Effects of polarization on adsorption and reaction on ferroelectric surfaces / Mosha H. Zhao.

Zhao, Mosha H.
xvi, 190 p. : ill. ; 29 cm.
Local subjects:
Penn dissertations -- Chemical and biomolecular engineering.
Chemical and biomolecular engineering -- Penn dissertations.
The ability to manipulate dipole orientation in ferroelectric oxides holds promise as a method to tailor surface reactivity for specific applications. Since ferroelectric domains can be patterned at the nano-scale, domain-specific surfaces, which may provide a new method for fabrication of nano-scale devices. However, the effect of ferroelectric polarization on adsorption and surface reactivity is still not well understood. Therefore, in an effort to better understand how polarization influences surface reactivity, in this thesis project, well-defined model systems that consisted of gas-metal oxide interactions and metal-metal oxide interactions were studied. In particular, the two model systems that were studied included: BaTiO3 polycrystalline thin film and LiNbO3 (0001) single crystal. These model systems allowed the use of various surface sensitive spectroscopic techniques, including AES, XPS and TPD, especially for BaTiO3 thin film, the ferroelectric polarization can be manipulated in-situ, which allows accurate observation on even subtle desorption difference.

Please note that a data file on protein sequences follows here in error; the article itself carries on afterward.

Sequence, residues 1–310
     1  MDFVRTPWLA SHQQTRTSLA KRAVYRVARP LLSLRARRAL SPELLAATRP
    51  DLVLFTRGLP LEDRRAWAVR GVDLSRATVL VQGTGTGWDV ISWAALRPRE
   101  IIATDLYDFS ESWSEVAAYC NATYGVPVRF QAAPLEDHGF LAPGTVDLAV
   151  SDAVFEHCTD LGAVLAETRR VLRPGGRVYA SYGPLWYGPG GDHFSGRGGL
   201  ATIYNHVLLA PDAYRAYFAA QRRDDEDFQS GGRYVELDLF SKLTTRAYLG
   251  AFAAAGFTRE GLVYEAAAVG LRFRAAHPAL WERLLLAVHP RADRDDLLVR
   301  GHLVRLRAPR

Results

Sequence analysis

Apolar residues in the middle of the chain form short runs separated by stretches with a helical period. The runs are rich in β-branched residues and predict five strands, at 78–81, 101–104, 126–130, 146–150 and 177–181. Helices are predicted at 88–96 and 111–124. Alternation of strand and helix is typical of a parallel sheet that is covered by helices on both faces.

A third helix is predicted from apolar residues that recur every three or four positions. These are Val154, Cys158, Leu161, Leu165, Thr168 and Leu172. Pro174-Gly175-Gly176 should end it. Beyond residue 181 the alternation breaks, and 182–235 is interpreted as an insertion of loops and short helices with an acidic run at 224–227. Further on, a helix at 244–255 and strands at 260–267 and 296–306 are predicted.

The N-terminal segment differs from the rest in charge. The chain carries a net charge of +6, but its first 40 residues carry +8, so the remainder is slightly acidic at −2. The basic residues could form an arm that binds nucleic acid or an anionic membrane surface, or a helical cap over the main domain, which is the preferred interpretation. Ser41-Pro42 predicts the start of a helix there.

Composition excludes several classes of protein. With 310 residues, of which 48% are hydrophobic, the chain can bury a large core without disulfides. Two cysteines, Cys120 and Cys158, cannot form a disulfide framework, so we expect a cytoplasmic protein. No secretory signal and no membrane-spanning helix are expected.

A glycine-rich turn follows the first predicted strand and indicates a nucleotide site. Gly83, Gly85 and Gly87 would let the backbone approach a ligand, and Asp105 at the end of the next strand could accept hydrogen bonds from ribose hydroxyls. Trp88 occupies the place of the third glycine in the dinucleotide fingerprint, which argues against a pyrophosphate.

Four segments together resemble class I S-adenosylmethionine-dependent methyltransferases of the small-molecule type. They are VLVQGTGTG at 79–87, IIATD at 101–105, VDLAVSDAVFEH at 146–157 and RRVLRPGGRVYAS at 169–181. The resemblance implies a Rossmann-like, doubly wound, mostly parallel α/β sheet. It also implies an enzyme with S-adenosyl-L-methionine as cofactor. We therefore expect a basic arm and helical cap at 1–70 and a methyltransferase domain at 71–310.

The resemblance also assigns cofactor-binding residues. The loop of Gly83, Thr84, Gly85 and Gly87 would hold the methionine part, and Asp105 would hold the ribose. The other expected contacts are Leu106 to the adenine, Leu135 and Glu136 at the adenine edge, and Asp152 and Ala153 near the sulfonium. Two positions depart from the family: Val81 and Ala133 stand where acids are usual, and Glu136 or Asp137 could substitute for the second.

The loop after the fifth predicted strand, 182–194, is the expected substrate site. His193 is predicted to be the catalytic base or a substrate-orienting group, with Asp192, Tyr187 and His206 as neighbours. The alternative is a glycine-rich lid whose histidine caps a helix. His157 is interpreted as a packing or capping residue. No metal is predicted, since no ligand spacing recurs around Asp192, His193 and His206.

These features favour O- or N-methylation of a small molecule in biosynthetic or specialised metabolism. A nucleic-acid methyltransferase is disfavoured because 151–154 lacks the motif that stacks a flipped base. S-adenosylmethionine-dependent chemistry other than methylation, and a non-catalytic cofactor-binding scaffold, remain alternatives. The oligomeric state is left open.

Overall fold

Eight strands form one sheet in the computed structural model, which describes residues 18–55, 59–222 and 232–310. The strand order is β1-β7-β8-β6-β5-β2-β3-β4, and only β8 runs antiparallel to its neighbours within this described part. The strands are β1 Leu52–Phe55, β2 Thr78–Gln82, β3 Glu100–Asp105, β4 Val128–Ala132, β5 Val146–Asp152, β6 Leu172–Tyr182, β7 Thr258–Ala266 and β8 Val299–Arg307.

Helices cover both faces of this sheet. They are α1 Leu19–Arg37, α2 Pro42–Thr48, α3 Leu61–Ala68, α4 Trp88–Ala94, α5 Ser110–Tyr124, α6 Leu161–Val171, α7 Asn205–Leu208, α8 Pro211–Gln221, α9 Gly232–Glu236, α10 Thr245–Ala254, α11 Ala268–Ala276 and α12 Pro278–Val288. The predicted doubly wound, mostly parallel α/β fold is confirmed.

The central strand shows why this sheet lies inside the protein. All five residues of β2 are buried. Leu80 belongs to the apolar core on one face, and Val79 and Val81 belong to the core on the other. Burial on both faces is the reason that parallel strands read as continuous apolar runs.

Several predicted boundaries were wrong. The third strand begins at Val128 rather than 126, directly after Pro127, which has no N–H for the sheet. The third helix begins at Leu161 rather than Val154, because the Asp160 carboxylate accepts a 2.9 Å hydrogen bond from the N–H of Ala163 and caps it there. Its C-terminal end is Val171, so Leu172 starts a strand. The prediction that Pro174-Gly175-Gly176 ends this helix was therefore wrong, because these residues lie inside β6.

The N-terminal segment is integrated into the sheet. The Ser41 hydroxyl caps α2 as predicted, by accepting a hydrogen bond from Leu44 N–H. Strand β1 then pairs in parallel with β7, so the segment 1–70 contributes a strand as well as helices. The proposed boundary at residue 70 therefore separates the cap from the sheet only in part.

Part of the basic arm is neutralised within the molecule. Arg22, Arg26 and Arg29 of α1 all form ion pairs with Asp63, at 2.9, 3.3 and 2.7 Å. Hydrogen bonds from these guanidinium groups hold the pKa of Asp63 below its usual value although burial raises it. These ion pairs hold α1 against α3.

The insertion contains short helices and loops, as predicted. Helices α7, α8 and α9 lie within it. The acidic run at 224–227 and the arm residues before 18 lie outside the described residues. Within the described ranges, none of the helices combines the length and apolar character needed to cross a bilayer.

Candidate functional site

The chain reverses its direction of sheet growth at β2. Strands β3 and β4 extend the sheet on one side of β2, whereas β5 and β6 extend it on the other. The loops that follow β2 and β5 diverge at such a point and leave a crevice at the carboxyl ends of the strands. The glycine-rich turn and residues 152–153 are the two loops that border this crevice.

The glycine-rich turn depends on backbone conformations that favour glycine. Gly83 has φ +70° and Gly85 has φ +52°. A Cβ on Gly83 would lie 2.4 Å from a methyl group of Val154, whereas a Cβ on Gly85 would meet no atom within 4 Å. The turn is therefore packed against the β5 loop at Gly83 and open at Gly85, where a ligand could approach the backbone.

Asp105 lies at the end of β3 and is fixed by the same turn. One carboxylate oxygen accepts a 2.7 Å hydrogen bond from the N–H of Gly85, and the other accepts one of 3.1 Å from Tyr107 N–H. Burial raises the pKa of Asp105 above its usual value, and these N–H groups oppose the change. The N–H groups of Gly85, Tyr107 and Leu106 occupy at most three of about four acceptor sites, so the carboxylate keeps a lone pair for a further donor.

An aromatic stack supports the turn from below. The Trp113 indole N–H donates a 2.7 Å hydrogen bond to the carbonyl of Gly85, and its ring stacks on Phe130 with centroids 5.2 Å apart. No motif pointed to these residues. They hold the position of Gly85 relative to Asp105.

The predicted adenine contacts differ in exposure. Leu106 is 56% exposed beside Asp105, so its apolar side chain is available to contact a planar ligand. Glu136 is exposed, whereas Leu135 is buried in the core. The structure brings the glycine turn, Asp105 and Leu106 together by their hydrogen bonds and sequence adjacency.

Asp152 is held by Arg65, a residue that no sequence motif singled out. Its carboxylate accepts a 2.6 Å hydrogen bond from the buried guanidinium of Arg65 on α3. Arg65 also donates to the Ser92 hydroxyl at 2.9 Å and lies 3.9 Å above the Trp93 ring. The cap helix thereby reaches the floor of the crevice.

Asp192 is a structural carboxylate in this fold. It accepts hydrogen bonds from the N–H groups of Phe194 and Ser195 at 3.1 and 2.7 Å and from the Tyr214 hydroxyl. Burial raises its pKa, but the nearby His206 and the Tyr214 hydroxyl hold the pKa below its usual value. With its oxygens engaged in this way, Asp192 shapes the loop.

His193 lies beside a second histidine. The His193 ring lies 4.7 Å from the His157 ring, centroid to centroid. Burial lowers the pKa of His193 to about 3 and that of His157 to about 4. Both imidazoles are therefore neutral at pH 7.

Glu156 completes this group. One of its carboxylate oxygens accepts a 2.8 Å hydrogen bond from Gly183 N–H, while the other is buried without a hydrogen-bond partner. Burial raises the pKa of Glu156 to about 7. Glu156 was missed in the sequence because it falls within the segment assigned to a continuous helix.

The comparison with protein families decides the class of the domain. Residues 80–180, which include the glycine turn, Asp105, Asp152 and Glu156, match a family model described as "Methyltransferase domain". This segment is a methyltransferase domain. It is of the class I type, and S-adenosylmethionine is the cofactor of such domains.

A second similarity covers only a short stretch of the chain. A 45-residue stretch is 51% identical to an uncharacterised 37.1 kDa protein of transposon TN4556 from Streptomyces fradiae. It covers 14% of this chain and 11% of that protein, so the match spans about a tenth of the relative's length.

The results of this research project show that methanol and ethanol dissociatively adsorb on the surface and forms alkoxide and hydroxide intermediate precursor and the sticking coefficient is a function of ferroelectric polarization. The sticking coefficient of methanol on BaTiO3 surface is c- (negatively poled)> a (unpoled) > c+ (positively poled) while of ethanol on BaTiO3 surface is c+ > c- > a. Beyond sticking coefficient, the iv TPD results of BaTiO3 with ethanol and 2-fluoroethanol shows that ferroelectric polarization can also alter the intrinsic reactivity of the surface. On positively poled surface, the maximum reaction activation energy is 7kJ/mol's higher than from the a surface. In addition, in the Pd depositing on LiNbO3 single crystal, ferroelectric polarization can affect the stability of palladium deposition. It was observed the Pd deposited on LiNbO3 is more stable on the negatively charged surface compared to the positively charged surface. When appropriate, possible explanations of ferroelectric polarization effect on surface adsorption and reactivity were given.
Adviser: John M. Vohs.
Thesis (Ph.D. in Chemical and Biomolecular Engineering) -- University of Pennsylvania, 2009.
Includes bibliographical references.
Vohs, John M., advisor.
University of Pennsylvania.
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